I have spent my life chasing this mythical version of myself, this person who I seemed to think existed. Not a shocker or anything, but she doesn’t exist.
It wasn’t until after college that I stopped trying to be what everyone wanted me to be. I am exactly who I am and there’s nothing wrong with that.
I am imperfect, and that’s okay.
Well, it’s okay with me. But that’s not the case with the rest of the world all the time. Or so it seems.
Today: a box for my personality and future was described to me. I don’t really think I liked any part of it. The personality in the box wasn’t mine. The future of the box wasn’t the one I was dreaming of. And the box itself was nothing like the world I wanted to live in.
So, now I’m sitting here, asking myself why I should try to fit in the box? Was it the money the box offered? Or the security of having a box at all?
Sure, both are nice. But are they supposed to drive who I am?
Some of you might say yes.
I can’t. I don’t know what the best decision will be, but I do know that I am no longer the girl who can keep chasing not only my mythical version or myself, but someone else’s as well.
As I finished my query letter this week and realized that sending out that letter is my dream, I started to reflect what led me here.
I knew that I would spend my life writing when I was in second grade. Crazy, right? Yeah, well, it’s the truth. I wrote my first story in first grade. It was pretty lame I’ll admit. As far as I remember it focused on a crazy squirrel. Definitely not my finest literary moment.
From that moment on, I spent my spare time in one of three places: with my nose in a book, lost in the world in my head, or with a pencil and paper-drawing or writing what I saw in my imagination.
As my cousins and I made up games of pretend, the characters and places we created wound themselves into the world that I was creating.
In sixth grade, I knew I would spend my life trying to share this world I created with everyone. I didn’t know it then, but what happened between then and now shaped everything I’ve written.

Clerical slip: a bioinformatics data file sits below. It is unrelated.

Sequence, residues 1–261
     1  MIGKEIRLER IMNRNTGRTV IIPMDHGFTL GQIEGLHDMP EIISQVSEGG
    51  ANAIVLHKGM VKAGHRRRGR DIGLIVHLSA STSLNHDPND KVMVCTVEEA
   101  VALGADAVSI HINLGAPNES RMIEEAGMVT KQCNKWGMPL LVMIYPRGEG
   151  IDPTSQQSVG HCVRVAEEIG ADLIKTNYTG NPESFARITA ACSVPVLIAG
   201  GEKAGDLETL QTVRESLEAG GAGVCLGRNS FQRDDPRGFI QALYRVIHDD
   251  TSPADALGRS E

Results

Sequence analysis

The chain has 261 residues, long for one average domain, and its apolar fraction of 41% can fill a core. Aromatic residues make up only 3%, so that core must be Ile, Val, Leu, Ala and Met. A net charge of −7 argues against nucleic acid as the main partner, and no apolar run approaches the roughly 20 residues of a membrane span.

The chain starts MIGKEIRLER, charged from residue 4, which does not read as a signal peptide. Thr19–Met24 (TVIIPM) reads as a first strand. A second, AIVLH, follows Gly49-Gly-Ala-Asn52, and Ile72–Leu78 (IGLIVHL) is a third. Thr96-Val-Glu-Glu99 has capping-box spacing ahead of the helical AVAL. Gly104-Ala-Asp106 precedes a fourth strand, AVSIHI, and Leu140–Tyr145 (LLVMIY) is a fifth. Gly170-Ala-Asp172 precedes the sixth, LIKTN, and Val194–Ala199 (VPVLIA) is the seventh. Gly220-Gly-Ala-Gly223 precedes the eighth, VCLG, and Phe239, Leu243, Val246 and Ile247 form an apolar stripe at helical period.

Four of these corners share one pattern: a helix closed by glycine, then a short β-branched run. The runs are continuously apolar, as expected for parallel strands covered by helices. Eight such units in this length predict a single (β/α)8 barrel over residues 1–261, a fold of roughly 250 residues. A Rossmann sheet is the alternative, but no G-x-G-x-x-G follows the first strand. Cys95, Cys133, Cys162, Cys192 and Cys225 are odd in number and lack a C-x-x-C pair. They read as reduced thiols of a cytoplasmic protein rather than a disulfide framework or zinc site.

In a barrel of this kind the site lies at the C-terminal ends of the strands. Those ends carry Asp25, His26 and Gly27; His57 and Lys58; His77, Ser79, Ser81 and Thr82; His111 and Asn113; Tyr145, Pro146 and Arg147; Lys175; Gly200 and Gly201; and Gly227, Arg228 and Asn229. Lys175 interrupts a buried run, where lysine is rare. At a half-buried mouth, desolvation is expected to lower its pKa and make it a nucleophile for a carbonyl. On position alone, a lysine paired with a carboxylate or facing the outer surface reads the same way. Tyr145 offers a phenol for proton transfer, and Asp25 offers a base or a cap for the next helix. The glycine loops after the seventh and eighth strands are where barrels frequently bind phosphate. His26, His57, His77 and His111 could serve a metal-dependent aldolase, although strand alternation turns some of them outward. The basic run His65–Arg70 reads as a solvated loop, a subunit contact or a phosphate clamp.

Everyone in life has shaped me and therefore my writing: family, friends, people who have hurt me, people who I have hurt. I didn’t know it at the time. But I see it now. Thank you to everyone who has ever crossed my path. I wouldn’t be me without your influence.
You know that saying that goes something like “what is right and what is easy are rarely ever the same thing”? Maybe it’s not a saying. There’s a good chance that’s a line from a book, movie or TV show and it’s just stuck with me over the years.
Regardless of its origin, that mentality has always been-and will continue to be-excruciatingly true.
So often our desires and our responsibilities do not line up perfectly.
Life would be easier if they did. We can all agree on that. But it’s from the moments where we’re caught between the two that or true colors begin to show.
The most depressing thing in this world is growing up and forgetting about the simple joys. God, that sounds so dark, doesn’t it?
I didn’t mean it to sound like life is a dark, terrible prison sentence.
What it is though is just one shot to be happy. One shot to make something of yourself on this weird planet that we call home. It’s just a big, beautiful, wondrous place that’s filled with tiny corners of exciting new adventures.
And that sounded a lot like a Disney movie.
Okay so for the middle ground here... have you ever been in love? Well if you have, do you remember that feeling you got that first month of dating whenever you saw that other person? Yeah. Magical, right? It feels like that other person is the reason that the world is spinning. Powerful stuff, that feeling is.
It seems to me that a some point we all grow up and lose that feeling about everything.
Remember when a Saturday of no plans meant hopping on your bike and going nowhere, and even though you had no direction it the feel of blind freedom that was exhildersting? Remember how exciting it was just to be on the cusp of an adventure? Yeah, me too. Invigorating, wasn’t it?
Today I couldn’t help but feel that way as I wrote a scene in my longest running project. As I described the setting through the eyes of a character who had never been there, I felt myself fill with wonder and curiosity. Where did that go?
At some point we all have to grow up. Go get a job, pay bills, pay student loans, and do “adult things”. As we do that we all seem to see the world in shades of dull gray, as if there isn’t anything exciting anymore because we only get up to go to work to earn money to pay bills. And don’t get me wrong, that is reality. But that’s not my point.
Now you’re probably sitting there going, then what is your point Amanda?
My point is that we all need to find something, anything, that would bring that spark of childlike happiness and excitement back to our lives. Even if it’s only for a brief moment every day.
Now you’re probably rolling your eyes and thinking that it’s a cute but impossible notion.
I beg to differ.
Life shouldn’t feel like work.